I wallpapered the ceiling. I’m pretty darned proud. Yes, that’s the dining room ceiling in my Mahalo Lounge, reverse-bird’s-eye view, artsy fartsy.
Easier Peasier way to wallpaper a ceiling:
The wallpaper was uni-directional (that is: It was linear running in one definitive direction), which I did not want. So, (1) working with the existing width, I cut the paper into 27″ squares [that is, I left the existing selvedge, I only had to cut once per piece as I went along the length], and (2) as I went and tesselated [alternating them 90 degrees to each other] them, and (3) I put them up on the diagonal. I measured and marked the center of the diagonal first, which fortunately, was center of the light fixture. In a situation like this, I think I would make sure the light fixture were centered on a piece of wallpaper or else it would look not good.
Cutting the paper into squares like this also made the paper easier to work with, what with the need to work up. I say easier peasier because this was not an easy peasy project. It wasn’t difficult… but it was tedious, and I worked hard to be careful because I Did. Not. Want. To. Fall. Off. My. Louisville. Platform. Ladder (affiliate link) which I am oh so grateful for.
Tip: My plan worked well with this particular paper because there were ‘bamboo’ lines on each side. These bamboo lines created outlines around each piece as I went. I am not sure this idea would work with a lot of other designs of wallpapers. You’d need to think it through — that is, how will a particular design of wallpaper look tesselated in smaller squares?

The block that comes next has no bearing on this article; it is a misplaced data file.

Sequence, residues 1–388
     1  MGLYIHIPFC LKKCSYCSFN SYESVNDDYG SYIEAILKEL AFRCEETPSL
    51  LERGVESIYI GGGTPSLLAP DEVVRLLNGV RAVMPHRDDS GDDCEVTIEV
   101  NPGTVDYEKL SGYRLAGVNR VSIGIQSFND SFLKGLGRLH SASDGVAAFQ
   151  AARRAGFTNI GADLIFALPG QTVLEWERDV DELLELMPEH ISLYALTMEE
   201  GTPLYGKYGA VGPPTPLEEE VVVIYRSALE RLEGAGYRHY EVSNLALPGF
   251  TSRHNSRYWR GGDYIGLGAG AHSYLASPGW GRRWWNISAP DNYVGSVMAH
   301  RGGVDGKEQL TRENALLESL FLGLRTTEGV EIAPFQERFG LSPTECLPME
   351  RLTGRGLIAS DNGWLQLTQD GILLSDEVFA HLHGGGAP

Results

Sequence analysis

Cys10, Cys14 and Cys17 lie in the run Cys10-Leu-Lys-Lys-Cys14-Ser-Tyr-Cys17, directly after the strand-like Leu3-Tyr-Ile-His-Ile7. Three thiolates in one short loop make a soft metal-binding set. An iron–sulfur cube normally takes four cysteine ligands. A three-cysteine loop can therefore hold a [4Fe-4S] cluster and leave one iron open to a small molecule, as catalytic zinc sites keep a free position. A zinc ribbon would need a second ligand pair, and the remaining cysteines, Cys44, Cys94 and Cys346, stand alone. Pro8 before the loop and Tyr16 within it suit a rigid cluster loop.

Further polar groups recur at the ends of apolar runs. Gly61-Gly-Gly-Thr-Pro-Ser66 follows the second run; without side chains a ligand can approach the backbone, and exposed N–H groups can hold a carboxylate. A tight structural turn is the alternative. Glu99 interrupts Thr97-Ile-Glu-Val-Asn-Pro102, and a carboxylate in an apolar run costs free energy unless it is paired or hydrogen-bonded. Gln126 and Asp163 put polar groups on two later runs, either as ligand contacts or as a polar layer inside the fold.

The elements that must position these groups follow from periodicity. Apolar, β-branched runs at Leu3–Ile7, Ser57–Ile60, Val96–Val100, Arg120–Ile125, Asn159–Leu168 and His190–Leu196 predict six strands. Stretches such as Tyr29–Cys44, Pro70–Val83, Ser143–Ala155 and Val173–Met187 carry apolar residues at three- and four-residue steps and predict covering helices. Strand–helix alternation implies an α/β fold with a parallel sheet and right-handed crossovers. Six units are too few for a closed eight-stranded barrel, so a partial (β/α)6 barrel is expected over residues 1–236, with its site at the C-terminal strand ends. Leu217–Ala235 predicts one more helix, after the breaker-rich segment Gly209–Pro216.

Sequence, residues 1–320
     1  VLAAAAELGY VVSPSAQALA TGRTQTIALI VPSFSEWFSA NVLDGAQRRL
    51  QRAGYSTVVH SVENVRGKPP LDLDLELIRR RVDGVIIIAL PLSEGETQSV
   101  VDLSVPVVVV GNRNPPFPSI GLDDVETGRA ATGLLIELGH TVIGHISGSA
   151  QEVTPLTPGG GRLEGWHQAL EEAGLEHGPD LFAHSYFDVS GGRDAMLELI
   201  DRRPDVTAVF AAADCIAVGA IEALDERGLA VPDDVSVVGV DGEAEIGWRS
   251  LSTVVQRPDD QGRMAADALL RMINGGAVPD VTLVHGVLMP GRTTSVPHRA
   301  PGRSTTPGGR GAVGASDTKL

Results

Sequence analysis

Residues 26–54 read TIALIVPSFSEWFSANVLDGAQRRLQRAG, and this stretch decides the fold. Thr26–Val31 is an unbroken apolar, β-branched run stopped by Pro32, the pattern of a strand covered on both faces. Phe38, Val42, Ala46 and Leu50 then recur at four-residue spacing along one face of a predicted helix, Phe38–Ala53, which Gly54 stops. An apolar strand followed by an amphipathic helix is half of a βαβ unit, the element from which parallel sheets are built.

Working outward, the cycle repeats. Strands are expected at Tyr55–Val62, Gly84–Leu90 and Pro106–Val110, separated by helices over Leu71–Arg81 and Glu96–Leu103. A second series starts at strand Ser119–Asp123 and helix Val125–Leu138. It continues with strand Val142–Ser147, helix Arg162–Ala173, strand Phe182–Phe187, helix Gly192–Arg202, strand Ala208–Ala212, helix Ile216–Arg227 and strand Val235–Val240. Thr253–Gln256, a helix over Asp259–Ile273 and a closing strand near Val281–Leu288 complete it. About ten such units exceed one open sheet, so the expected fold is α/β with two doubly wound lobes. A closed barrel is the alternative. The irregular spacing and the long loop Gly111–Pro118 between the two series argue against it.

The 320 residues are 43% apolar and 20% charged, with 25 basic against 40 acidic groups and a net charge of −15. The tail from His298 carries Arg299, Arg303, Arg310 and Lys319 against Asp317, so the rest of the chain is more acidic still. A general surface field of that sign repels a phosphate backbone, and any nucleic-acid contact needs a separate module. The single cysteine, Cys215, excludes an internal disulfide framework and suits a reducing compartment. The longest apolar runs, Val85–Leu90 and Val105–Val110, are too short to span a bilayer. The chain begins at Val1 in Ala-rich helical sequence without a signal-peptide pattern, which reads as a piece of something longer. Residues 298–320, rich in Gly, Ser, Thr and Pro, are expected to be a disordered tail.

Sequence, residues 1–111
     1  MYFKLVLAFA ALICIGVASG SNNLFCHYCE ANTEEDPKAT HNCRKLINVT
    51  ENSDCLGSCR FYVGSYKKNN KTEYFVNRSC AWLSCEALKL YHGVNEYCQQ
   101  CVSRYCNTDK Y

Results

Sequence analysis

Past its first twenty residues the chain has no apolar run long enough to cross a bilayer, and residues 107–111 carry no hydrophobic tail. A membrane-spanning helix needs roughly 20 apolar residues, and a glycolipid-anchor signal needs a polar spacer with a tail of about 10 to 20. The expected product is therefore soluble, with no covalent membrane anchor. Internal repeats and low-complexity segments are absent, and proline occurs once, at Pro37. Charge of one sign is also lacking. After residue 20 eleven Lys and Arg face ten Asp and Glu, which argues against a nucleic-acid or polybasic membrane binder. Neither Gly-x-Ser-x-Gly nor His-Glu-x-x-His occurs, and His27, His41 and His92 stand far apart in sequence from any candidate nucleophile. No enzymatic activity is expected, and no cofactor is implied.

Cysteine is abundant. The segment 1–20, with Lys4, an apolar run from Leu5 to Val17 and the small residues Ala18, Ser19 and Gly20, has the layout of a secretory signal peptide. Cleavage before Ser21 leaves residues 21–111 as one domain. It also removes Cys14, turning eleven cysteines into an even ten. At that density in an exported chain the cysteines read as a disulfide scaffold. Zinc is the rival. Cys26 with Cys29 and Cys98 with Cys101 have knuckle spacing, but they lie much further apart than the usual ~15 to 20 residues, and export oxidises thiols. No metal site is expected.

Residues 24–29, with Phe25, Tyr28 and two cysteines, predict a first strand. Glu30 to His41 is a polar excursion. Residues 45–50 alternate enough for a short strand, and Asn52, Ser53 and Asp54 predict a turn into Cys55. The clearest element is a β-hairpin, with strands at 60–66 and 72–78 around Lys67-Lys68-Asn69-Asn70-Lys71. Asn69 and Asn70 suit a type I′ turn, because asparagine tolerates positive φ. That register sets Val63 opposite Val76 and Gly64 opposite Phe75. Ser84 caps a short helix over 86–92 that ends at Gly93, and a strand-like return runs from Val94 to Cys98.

The wallpaper also was that heavy, textured vinyl stuff. This also made it easier to work with, as it never ever wanted to tear.
I used heavy duty wallpaper paste from my local hardware store. I was sure, also, to size the ceilings first. I used this exact stuff:
Tip: When you cut the squares, always use a tee-square to ensure you’re square. Then, the squares should go up like a breeze. I did not use the tee-square at first, and stuff started going sideways, and it was kind of ACK!, and then I had to adjust, but I was able to puzzle through a solution, however, it took a long time to adjust everything piece by piece, and some of the long lines are crooked, but no one will ever notice especially after two sips of my rum punch. I think that it took me four weeks to do this ceiling, working off and on, off and on, off and on.
I also plan to wallpaper the rest of the adjacent living room. I adore wallpaper. Adore, adore, adore. It’s worth all the trouble. Be Epic!